• Examine and promote shared housing, clever transportation. For seniors not supported by caregivers, why does co-housing today seem at the fringe of possibilities? What about housemate matching services for women who seem to make up a large percentage of those aging alone or with their children?  NORCs and 'intentional communities' for independent living sound good for younger and perhaps wealthier seniors -- but it's what's behind the door of the resident when they navigate around their own home and acquire any of the disabilities of aging -- who's watching, who will know? How can people in suburban or rural areas function without some creative ideas about transportation that enable them to get out of the very place in which they are aging?
  • Remarket and rethink current senior housing formats. Today's senior housing (IL, ALF, and SNF) remind me of the newspaper industry -- lots of hand-wringing about decline and how to change the marketing mix and use social media to fill empty units, but not a lot of reinventing of the fundamentals.  Or maybe they're reinventing the fundamentals and we're just not hearing about it. And why is it good that ALFs are regulated on a state-by-state basis, but if you're in a nursing home, ratios, inspections, and environment are governed by federal rules? What's behind the decline of nursing home beds and the increase in average age of ALF resident? Is this good? Or is this a signal that nursing homes have been burdened by so much regulatory baggage and bad press that they may become, as Howard Gleckman notes, as rare as Republicans in Massachusetts.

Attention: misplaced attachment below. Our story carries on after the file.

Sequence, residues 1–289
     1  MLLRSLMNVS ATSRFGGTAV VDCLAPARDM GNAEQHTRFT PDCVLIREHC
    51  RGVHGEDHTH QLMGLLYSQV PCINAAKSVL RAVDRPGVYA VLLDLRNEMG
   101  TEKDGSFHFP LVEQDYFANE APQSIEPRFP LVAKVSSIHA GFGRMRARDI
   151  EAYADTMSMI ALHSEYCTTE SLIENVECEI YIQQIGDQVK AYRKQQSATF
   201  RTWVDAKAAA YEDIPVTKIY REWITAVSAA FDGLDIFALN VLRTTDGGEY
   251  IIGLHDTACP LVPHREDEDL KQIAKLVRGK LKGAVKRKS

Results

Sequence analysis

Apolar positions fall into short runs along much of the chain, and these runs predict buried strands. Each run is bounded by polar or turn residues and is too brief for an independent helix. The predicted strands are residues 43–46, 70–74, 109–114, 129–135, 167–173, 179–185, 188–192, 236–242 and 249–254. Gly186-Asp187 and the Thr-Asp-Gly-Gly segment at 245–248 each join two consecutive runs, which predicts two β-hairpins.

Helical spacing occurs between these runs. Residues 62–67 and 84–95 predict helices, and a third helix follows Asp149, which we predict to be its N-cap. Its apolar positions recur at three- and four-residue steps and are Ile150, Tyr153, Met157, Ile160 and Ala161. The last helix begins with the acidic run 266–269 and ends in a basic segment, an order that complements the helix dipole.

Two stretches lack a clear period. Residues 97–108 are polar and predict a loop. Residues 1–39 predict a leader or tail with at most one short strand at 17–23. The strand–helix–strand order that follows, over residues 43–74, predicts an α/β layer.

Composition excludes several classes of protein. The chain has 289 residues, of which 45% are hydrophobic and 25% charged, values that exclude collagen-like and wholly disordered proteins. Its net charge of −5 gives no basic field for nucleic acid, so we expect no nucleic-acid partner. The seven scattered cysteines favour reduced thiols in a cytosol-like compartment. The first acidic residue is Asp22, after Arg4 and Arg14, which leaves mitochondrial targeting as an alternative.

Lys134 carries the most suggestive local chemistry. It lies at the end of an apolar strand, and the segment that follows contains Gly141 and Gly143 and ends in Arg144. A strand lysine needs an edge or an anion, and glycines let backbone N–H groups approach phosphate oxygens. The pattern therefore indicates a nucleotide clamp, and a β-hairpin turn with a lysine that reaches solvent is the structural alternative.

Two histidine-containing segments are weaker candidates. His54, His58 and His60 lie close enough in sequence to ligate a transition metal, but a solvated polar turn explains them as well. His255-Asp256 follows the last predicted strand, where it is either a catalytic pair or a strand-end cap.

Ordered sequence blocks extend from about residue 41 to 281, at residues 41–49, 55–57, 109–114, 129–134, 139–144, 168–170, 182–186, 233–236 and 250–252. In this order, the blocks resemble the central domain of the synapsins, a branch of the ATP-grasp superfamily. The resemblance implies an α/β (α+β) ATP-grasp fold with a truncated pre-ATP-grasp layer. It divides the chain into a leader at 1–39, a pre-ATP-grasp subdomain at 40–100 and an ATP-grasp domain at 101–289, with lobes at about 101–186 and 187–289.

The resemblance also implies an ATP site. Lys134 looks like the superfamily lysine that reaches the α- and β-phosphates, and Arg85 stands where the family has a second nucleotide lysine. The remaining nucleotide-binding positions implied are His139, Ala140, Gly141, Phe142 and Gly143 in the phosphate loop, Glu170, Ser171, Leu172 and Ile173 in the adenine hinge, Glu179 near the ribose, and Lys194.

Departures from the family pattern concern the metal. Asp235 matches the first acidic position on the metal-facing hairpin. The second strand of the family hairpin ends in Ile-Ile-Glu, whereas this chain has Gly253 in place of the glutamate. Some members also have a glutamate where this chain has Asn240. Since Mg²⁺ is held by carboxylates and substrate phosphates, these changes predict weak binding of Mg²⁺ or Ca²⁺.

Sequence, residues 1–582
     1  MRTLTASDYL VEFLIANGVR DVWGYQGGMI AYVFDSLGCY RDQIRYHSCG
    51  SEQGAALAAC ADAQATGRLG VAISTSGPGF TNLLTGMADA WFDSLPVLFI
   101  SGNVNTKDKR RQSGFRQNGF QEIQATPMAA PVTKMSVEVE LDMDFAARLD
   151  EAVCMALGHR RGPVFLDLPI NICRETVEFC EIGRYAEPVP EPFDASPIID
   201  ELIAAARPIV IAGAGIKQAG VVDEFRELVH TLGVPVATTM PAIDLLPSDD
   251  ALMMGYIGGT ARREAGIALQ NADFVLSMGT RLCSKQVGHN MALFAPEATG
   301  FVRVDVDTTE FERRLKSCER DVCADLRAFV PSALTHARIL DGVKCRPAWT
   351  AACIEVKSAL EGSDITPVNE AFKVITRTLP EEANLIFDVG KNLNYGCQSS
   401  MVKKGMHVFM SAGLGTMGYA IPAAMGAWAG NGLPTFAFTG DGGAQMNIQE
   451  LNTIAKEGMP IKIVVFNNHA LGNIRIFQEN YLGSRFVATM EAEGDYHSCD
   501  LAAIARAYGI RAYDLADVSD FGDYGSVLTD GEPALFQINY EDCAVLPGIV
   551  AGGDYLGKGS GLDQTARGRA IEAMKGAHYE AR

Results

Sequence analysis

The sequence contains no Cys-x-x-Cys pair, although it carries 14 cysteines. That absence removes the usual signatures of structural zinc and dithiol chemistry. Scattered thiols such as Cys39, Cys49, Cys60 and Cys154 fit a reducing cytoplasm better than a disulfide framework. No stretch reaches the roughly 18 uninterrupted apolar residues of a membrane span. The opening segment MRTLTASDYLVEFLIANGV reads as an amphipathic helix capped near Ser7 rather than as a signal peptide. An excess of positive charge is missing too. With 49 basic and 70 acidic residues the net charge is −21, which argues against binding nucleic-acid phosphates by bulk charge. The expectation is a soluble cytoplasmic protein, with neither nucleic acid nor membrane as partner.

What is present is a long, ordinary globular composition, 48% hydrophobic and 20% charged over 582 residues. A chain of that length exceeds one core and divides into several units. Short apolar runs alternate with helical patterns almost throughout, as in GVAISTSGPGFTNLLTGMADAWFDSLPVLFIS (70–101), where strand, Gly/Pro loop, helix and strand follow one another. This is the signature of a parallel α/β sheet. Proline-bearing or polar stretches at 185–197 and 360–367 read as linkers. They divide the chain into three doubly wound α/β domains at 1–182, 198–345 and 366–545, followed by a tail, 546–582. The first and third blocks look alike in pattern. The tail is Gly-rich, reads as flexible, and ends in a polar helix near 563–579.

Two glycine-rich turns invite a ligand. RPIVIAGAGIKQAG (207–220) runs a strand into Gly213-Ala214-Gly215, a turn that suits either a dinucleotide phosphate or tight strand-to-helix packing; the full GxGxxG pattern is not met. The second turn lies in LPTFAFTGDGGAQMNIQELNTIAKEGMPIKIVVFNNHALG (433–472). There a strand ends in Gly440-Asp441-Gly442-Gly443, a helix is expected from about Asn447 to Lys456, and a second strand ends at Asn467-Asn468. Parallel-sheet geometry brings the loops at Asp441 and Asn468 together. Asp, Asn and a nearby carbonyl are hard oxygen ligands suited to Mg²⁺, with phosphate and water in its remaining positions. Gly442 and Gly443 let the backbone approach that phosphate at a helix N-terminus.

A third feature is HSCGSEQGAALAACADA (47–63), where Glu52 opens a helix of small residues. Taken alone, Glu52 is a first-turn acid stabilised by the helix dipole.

• Accelerate adoption of technologies that augment safety in the home and outside.  At the last large event I attended, it was interesting to hear a comment that if you added all technologies together that support aging services, perhaps 5% of the target population is aware of them. I believe it from the complaining I hear about the difficulty of selling, the barriers to adoption, the lack of interest by aging services organizations (even with exceptions duly noted). But here's a crazy idea: what if all the big gun vendors in the technology industry got together and said that smart use of technology could assist folks as they tried to age in place? What if they had one choral voice from the senior housing and aging services industry explaining what was needed -- and then vendors delivered it?

Let's spend some more time and energy in 2010 to dispel the hype about aging in place for seniors today and replace it with realistic, financially feasible, and well-understood strategies that make it possible. Surely, as Liz Boehm noted, aging in place (compared to Healthcare Unbound) has at its underpinning the element of hope for the future.

But if we can't get over the hype around aging in place, let's just rename the whole thing to 'aging successfully' -- whatever the place.


* AAHSA - American Association of Homes and Services for the Aging

    ALFA -  Assisted Living Federation of America

    ASA -   American Society on Aging

    NCOA - National Council on Aging






Hi Laurie,